Monday, February 15, 2010
The Palestinian Position Requires the Demonization of Israel
In my exchanges with Off the Derech, I have been arguing for the importance of maintaining the sensibility as much as possible that other people may hold different beliefs, these beliefs may be wrong, even manifestly so, but that this does not take away from the legitimacy of the person advocating these beliefs. While I am perfectly willing to defend the right of Palestinians to oppose the State of Israel and even to peacefully protest Israeli speakers, by attempting to disrupt Michael Oren's speech at the UC of Irvine, they had crossed a line to denying the social right to hold pro-Israel views. Thus these students demonstrated an unwillingness to distinguish between legitimate and illegitimate opposing views. This makes them a radical threat not just to Israel but to the free society as a whole.
I just came across a good example of this in an Al-Jezeerah op-ed by Khalid Amayreh titled "Michael Oren: Sorry, But You Represent a Nazi State." Amayreh defends the actions the UC of Irvine students and encourages his readers to engage in similar actions by arguing that Ambassador Oren is a war criminal not entitled to free speech, but only a war crimes trial. I am not interested here in the back and forth as to whether these charges are true. What I will point out is the implications of this war criminal line of defense. Amayreh's position takes it as a given that not only is Israel a Nazi State and Ambassador Oren a war criminal, but that there can be no possible legitimate contrary opinion. (Notice that I am not throwing a similar charge back by denying that reasonable can believe that Israel is a criminal State.) There are consequences to such a belief. It shuts down the possibility of any peaceful exchange of ideas and the chance that people on different sides of this issue can agree to disagree and live in peace, thus creating a state of societal war, which will likely turn into physical war.
One can support Israel and not automatically be tied to demonizing the Palestinian cause. I support a two-state solution (either with Jordan or the West Bank and Gaza as a Palestinian State). I actually care about Palestinian rights. They deserve to be compensated by the State of Israel and the Arab States that forced them into refugee camps. They should be made citizens of the countries in which they reside. More importantly, Palestinians, Arabs, and Muslims are invited to take part in this dialogue as equal partners. I may disagree with them, but I am willing to accept the legitimacy of their viewpoints.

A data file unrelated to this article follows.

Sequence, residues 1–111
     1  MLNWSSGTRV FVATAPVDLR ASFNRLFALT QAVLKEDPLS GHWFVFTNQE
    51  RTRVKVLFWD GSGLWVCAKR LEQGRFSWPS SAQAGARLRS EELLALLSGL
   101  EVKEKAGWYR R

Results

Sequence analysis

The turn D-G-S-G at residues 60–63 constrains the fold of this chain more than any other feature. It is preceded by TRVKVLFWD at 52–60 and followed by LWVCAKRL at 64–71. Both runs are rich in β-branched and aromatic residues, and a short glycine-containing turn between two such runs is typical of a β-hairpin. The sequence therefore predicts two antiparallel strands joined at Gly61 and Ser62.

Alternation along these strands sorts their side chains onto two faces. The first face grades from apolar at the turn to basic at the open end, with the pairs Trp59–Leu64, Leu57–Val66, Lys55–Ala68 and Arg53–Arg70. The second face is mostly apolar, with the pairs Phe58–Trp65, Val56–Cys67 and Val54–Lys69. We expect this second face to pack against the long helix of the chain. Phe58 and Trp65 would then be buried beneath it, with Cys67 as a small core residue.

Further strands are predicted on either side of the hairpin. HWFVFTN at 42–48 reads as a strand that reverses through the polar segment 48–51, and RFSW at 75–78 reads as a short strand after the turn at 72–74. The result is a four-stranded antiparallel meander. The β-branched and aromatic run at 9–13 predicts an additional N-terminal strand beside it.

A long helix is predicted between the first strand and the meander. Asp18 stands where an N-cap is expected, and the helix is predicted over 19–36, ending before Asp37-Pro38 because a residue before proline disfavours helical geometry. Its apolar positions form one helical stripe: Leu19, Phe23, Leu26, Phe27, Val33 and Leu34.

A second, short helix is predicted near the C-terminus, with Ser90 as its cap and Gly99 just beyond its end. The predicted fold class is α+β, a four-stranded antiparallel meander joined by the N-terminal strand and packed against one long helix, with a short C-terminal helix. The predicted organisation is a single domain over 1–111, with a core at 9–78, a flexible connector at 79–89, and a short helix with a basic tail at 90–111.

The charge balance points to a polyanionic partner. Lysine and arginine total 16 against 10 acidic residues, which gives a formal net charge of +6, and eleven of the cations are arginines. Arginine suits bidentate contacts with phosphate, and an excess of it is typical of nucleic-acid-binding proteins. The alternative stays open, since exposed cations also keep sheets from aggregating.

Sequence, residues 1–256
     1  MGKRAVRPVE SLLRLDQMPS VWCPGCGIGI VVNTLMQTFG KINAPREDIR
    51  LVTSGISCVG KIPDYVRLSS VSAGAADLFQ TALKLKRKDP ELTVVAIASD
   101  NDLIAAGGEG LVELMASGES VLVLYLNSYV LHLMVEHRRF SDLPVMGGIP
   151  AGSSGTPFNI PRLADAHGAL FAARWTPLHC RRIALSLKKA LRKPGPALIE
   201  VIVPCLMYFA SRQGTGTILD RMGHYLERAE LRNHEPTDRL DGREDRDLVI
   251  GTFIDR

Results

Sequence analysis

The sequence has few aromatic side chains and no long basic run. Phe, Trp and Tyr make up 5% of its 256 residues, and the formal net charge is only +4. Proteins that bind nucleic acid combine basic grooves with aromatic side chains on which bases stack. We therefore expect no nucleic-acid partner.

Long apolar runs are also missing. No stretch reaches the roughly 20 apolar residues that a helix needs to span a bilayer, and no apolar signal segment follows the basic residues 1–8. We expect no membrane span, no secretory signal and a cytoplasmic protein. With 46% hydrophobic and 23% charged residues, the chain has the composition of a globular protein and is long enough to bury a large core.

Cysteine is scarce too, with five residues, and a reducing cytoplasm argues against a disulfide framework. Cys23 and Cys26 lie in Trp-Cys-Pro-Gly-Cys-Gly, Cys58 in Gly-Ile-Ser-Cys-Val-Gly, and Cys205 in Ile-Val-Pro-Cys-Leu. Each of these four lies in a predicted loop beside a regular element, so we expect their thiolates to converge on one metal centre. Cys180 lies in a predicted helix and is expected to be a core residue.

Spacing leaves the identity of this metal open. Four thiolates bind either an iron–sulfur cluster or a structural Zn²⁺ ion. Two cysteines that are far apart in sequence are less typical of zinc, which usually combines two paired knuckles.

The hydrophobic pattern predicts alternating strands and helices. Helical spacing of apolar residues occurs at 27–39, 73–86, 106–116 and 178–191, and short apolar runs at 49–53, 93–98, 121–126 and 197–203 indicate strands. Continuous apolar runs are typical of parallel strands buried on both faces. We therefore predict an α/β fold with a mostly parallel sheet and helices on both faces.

The Palestinian side, as it is argued even by "moderates," requires the demonization of Israel. If Israel had the right to exist in 1948 then the Arab States were in the wrong for fighting the '48 war and bear primary responsibility for the Palestinian refugee problem. If Israel had the right to fight the Six Day War then they gain at least some legitimacy for being in the West Bank and Gaza. Israel would no longer be an aggressive occupying power and would have the right to negotiate their exit from all or part of the territories as moral equals. This would undermine any legitimacy for armed insurrection against Israel. This would leave the Palestinians as a criminal and terrorist cause. As a non-State, they have no inherent legitimacy to be engaging in violence in the first place. States can go to war while admitting that the other side has some legitimacy. For the Palestinians, either Israelis are Nazis or the Palestinians must confess to being terrorists and throw away their own legitimacy.
Thus the Palestinians and the rest of the Arab world do not have the option of engaging in a discussion of equals that allows for the legitimacy of both sides. Their cause has been built from the beginning on an exclusivist claim to being right. To surrender on that now would be to admit wrong and moral responsibility. They would have to come before the world, admit their crimes and beg for mercy.